Interview with the Berlin based artist duo ZEBU

Interview with the Berlin based

artist duo ZEBU

by Laura Vetter

ZEBU is a creative duo from Berlin, consisting of Lynn Lehmann and Dennis Gärtner, who have been active together for seven years and gained international recognition over the course of time with their powerful art. Balanced compositions full of vigorous colors, a bold dynamic imagery as well as quirky, humorous and abstracted figures characterize the duo’s unique style, which finds its home in drawings, zines, murals and exhibitions, transporting its viewers into colorful, almost surreal worlds. In doing so, ZEBU is committed to taking art out of traditional art spaces and showing it in public spaces, consciously breaking down the barrier that has long existed between the art world and the general public in order to make art accessible to everyone. Laura Vetter from Street Levels Gallery has spoken with the duo about their artistic development, their inspiration, the nature of their collaboration, and the messages that their works convey.

ZEBU, how and why did you decide to choose the street as one of your creative means of expression? 

Since the beginning of our artistic footsteps we loved to paint murals. What we like about working on walls is that we get the opportunity to present our work to a big variety of people. This gives us the chance to inspire and talk to a diverse audience which would maybe never visit art institutions. Moreover, working on a mural is a welcome variety to the daily life in the studio, because we have to use our whole body to paint on that scale.

Mural artwork by ZEBU in Aielli, Italy for the Borgo Universo Festival in 2022.

Since 2015 you have been active as an artist duo. What is your creative and artistic collaboration like? Does each of you have his/her special field or is everything worked out together?

Since we both work as a duo, we have the advantage to come up with ideas together. We work together on as good as anything. We sketch together, create the composition together and discuss the colorings together. Sometimes we have our own drawing sheets for doing sketches, sometimes we sketch on the same one. But we always talk about it and take the good aspects of the different ideas we brought to paper. Of course, at certain stages of the work, the tasks are split up when it comes to execution. However, the image ideas and forms are always created by both of us.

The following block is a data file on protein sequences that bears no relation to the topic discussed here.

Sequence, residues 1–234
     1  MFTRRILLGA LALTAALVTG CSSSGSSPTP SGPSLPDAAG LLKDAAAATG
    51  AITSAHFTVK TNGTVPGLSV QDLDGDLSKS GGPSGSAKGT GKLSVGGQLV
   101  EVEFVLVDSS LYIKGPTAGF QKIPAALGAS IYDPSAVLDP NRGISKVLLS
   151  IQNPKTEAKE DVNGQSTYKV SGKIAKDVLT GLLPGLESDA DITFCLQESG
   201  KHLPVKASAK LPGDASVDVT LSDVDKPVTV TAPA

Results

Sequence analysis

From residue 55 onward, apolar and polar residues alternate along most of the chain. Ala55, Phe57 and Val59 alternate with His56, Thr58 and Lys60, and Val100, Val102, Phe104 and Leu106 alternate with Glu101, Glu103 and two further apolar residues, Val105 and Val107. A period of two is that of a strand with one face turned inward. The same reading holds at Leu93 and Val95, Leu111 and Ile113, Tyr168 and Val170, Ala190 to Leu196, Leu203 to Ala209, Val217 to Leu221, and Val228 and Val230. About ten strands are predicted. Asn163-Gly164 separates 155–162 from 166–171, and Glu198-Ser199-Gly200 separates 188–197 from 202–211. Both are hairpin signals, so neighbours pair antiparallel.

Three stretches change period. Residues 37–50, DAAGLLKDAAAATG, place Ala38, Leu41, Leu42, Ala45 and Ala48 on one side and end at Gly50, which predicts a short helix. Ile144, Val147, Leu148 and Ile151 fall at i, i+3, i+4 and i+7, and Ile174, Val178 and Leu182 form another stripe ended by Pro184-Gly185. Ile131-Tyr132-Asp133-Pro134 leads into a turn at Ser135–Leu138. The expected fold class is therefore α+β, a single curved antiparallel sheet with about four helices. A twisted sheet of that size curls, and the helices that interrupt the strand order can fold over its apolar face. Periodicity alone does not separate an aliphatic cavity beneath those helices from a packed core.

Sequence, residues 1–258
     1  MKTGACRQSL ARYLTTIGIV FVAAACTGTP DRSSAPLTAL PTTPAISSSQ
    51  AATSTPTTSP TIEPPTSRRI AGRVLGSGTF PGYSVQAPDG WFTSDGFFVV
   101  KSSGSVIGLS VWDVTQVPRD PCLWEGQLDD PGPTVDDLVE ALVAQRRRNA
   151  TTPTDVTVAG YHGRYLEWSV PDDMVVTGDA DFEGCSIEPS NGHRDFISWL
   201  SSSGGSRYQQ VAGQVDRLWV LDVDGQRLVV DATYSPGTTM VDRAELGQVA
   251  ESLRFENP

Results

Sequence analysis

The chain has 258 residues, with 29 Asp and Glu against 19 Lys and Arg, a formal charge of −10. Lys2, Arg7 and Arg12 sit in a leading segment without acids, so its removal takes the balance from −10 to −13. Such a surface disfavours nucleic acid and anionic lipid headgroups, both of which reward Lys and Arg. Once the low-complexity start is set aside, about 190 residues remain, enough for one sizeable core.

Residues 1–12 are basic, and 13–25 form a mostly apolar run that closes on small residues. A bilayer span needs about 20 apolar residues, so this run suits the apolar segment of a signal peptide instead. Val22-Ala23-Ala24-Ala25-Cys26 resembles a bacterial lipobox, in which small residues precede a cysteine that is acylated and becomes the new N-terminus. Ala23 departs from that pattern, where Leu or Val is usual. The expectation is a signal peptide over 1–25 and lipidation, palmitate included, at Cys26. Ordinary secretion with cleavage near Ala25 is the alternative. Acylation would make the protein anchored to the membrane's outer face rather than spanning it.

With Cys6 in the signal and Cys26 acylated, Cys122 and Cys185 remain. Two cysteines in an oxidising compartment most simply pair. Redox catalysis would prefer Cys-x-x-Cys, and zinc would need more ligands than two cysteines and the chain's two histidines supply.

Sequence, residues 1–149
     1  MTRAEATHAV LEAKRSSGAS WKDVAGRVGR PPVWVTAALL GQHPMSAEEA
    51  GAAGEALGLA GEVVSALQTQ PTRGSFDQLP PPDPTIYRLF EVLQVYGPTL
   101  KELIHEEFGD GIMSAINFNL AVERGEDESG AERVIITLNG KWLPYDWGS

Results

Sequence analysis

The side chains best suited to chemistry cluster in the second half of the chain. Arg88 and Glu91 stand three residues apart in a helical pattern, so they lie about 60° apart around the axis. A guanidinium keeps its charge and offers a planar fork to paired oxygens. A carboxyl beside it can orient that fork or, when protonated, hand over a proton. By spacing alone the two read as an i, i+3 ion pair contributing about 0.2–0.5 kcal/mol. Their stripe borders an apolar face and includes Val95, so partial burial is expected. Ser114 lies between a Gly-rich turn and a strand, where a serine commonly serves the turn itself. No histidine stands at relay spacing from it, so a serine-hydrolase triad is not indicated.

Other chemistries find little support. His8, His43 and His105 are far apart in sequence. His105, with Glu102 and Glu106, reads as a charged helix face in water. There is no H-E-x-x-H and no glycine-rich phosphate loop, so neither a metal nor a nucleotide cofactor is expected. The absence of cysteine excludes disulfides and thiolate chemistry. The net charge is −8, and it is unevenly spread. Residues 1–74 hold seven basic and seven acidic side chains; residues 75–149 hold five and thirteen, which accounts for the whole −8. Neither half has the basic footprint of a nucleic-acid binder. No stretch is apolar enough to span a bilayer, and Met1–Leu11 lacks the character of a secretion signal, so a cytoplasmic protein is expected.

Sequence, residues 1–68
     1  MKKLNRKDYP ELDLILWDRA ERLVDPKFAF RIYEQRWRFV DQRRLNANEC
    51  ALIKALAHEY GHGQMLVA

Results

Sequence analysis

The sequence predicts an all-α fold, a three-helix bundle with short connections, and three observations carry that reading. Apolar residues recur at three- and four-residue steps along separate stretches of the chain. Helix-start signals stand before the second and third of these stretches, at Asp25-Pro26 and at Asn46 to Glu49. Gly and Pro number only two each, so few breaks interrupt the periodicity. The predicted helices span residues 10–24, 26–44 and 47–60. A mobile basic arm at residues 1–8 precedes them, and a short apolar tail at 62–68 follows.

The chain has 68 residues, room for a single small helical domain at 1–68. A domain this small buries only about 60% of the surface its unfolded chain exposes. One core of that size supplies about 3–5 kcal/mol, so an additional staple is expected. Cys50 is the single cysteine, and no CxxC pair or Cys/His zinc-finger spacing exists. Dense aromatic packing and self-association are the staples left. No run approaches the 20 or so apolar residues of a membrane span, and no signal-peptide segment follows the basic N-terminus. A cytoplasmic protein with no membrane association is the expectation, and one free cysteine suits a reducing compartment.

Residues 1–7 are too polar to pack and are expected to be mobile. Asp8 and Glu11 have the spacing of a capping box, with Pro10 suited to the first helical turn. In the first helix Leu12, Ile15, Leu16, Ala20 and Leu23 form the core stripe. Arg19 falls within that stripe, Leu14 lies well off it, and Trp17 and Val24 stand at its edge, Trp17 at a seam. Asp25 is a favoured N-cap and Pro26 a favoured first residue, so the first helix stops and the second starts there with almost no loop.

Cooperation has many advantages for us. We can inspire and motivate each other. One person can pick up the train of thought or the line of the other and continue it. This way we are able to create a visual language which we could hardly achieve individually. And we can always discuss, feedback and improve our ideas together. Moreover, there is always a person who can balance out the work if one of us has a bad day. There are barely any projects we work on individually.

What are your sources of inspiration?  

There is not one thing/artists we can name that inspire us (because there are so many!). Inspiration can be found everywhere, we find inspiration in life, even if this sounds very cheesy. We get inspired by seeing new things and places, meeting new people, having a change of perspective. If we get stuck in the creative process, we often go out for a walk, where we are going doesn’t really matter. Distance gives you the chance to look at your work in a different way and maybe you will discover the shape, idea or color combination by accident for which you were looking for hours on the drawing desk.